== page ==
Intersectionality Love In Digital Era: Mood Of The Month, February 2024

Love In Digital Era: Mood Of The Month, February 2024

In the purview of online dating and relationships, the effects and impacts it has on people; both positive and negative, FII is inviting submissions on Love In Digital Era, throughout February 2024

There once was a time when we loved at first sight, shared letters and met them in person. But today, we may not even see each other for months and still talk to each other. We may not fall in love at first sight but by sharing photos, memes, video calls etc, gradually, we are acquainted with them. 

Love in the digital age is a complex phenomenon. On the one hand, love has become increasingly accessible and easy to find and on the other hand, the hazards of technology and Artificial Intelligence, real vs virtual and exposure to harmful content still loom larger than ever. 

No doubt, it has become effortless to connect and find romantic relationships online, with a pool of options available. With just a click, one can initiate ‘courting‘ the person of their liking. It also becomes easy to speak with a person through the barrier of a device in the comfort of one’s safe space. And on getting comfortable and acquainted with the person, take the one last leap of meeting them in real life. This mitigates the dangers of meeting a stranger for the first time which was the case in dating offline. 

With social media platforms with video and audio calling access, one can even date someone thousands of miles away. Even for married couples, or anyone in a long-distance relationship, sustaining the relationships has become much easier.

Somehow, the real and artificial are creating complexities in love as well. We constantly seek the approval of others; likes, and comments. We look at photos of the places one has gone to while finding a romantic partner and we are constantly looking for affirmation, which is something one may not do in a real-time offline dating setup. 

For persons from the queer community, it once was difficult to find romantic partners because of the discrimination, ostracisation, hatred and systematic oppression against them, however, through various dating sites solely dedicated to queer persons, love and relationships have become a little more convenient and less threatening to them. 

Yet, it also becomes difficult to understand one’s emotions, feelings, and thoughts when one tries to find a partner, or lover, through the Internet. With each day the difference between real and ‘reels‘ is growing, and our emotions are also getting convoluted and complex by navigating our lives on the internet.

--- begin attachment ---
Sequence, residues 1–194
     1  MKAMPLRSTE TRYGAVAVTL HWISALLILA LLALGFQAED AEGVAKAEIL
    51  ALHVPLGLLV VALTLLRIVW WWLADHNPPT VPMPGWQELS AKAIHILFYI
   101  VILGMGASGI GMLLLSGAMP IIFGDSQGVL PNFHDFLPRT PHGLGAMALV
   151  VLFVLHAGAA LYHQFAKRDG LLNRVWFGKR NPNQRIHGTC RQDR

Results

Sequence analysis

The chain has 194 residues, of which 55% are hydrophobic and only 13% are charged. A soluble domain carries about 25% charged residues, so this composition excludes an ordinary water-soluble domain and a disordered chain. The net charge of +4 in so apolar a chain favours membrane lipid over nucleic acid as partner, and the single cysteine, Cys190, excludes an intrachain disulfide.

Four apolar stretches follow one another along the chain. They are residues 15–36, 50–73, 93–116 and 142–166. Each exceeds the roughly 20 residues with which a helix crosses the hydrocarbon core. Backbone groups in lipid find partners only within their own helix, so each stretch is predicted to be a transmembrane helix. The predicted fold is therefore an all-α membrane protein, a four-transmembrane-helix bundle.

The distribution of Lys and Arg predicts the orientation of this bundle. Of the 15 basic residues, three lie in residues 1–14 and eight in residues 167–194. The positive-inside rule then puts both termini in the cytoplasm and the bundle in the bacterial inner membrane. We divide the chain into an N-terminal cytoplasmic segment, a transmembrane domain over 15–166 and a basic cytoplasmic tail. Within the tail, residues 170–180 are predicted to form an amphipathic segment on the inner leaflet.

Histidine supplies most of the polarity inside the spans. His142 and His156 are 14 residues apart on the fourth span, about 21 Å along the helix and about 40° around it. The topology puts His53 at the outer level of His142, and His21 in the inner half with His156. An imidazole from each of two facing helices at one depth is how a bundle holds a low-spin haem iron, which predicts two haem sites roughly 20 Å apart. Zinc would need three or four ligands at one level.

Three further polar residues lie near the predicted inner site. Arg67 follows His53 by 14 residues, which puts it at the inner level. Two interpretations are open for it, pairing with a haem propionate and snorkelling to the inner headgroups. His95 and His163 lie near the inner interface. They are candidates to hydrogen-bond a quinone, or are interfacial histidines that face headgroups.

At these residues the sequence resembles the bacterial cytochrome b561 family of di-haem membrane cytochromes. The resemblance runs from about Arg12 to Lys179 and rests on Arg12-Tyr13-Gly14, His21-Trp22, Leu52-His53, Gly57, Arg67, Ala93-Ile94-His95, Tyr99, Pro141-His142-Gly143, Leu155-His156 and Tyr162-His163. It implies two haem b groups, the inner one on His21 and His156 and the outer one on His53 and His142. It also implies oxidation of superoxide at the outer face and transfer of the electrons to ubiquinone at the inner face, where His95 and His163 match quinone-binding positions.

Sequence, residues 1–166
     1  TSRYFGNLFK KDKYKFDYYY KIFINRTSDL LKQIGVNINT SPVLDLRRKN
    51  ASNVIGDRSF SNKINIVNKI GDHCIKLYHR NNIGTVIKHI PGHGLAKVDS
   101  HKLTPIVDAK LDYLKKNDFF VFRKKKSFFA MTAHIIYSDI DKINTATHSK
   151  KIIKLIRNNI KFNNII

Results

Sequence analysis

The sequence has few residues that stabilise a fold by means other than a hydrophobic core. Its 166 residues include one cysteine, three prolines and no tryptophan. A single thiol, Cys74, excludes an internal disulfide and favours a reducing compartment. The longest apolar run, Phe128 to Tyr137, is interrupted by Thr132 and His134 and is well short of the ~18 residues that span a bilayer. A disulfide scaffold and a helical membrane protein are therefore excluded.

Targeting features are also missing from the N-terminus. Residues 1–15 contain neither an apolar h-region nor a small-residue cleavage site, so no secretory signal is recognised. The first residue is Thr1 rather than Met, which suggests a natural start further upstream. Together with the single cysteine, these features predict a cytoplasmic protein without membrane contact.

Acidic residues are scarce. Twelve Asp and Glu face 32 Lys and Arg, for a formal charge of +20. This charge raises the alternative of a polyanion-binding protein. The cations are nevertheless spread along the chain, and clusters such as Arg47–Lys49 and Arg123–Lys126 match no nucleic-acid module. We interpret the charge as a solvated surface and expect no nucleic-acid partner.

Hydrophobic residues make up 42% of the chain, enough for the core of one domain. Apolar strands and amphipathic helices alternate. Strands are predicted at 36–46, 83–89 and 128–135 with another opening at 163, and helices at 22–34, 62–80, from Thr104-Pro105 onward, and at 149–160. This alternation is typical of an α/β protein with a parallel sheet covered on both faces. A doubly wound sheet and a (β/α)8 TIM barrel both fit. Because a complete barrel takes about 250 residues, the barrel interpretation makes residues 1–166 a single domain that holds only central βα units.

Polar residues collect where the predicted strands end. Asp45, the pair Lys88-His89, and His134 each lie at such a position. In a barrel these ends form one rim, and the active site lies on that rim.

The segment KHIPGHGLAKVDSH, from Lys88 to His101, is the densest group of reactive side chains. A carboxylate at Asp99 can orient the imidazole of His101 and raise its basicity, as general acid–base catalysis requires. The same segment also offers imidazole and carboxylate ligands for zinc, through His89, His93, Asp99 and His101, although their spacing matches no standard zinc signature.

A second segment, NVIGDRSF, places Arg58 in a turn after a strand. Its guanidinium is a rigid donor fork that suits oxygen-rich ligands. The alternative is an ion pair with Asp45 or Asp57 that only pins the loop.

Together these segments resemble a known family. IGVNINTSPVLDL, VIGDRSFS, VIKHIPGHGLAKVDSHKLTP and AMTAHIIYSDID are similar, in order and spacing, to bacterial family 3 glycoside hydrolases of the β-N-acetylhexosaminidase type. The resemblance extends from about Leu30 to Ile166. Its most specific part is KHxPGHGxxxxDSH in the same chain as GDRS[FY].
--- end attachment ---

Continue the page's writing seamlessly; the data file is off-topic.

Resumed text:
Somehow, the real and artificial are creating complexities in love as well. We constantly seek the approval of others;  likes, and comments. We look at photos of the places one has gone to while finding a romantic partner and we are constantly looking for affirmation, which is something one may not do in a real-time offline dating setup. 

There is ample data available that shows many people are struggling with the mental health impact of dating online. In research called “Swipe-based dating applications use and its association with mental health outcomes: a cross-sectional study,” the result shows “Being an SBDA{swipe based dating applications}  user was significantly associated with having psychological distress (OR = 2.51,95%CI (1.32–4.77)), p = 0.001), and depression (OR = 1.91,95%CI (1.04–3.52), p = 0.037) in the multivariable logistic regression models, adjusting for age, gender and sexual orientation.” In another study, Strubel & Petrie found that “Tinder use was significantly associated with decreased face and body satisfaction, more appearance comparisons and greater body shame, and, amongst males, lower self-esteem.”

Apart from having mental health and psychological issues while dating online, cyberspace poses a dangerous picture to women and minority genders. Targeted trolling, hate campaigns, rejected lovers morphing and bullying women, and AI-generated fake images and videos, create a toxic space where even the laws aren’t ready enough to tackle such monstrous issues about gender-based violence, misogyny and sexism.

In addition, the online space is a big reflection of public offline space or the societies we live in where casteism, sexism, and religious polarisation are rampant, and such virtual societies are as harmful to minorities as real societies. 

In the purview of online dating and relationships, the effects and impacts it has on people; both positive and negative, FII is inviting submissions on Love In Digital Era, throughout February 2024.

Here are a few broad pointers that may help you write your articles on the topic:

  • Love, dating, and relationships online 
  • Queer communities and online dating 
  • Risks of online dating 
  • Online dating, a reflection of tangible society and culture 
  • Is online dating affordable and feasible for everyone? 
  • Online dating; gender roles and expectations 
  • Love beyond the norms of caste, class, faith and age
  • Love and sex in the online world
  • Sex and sexuality in VR
  • Modern love and dating

This list is not exhaustive. Please write on other topics within the theme that we may have missed listing here. Some of these topics are extremely personal, and if you wish to maintain anonymity concerning the publication of such pieces, kindly mention them in your email.

Please refer to our submission guidelines before you send us your entries. You may email your submissions to shahinda@feminisminindia.com

We look forward to your drafts and hope you enjoy writing them


Featured Illustration: Ritika Banerjee for Feminism In India

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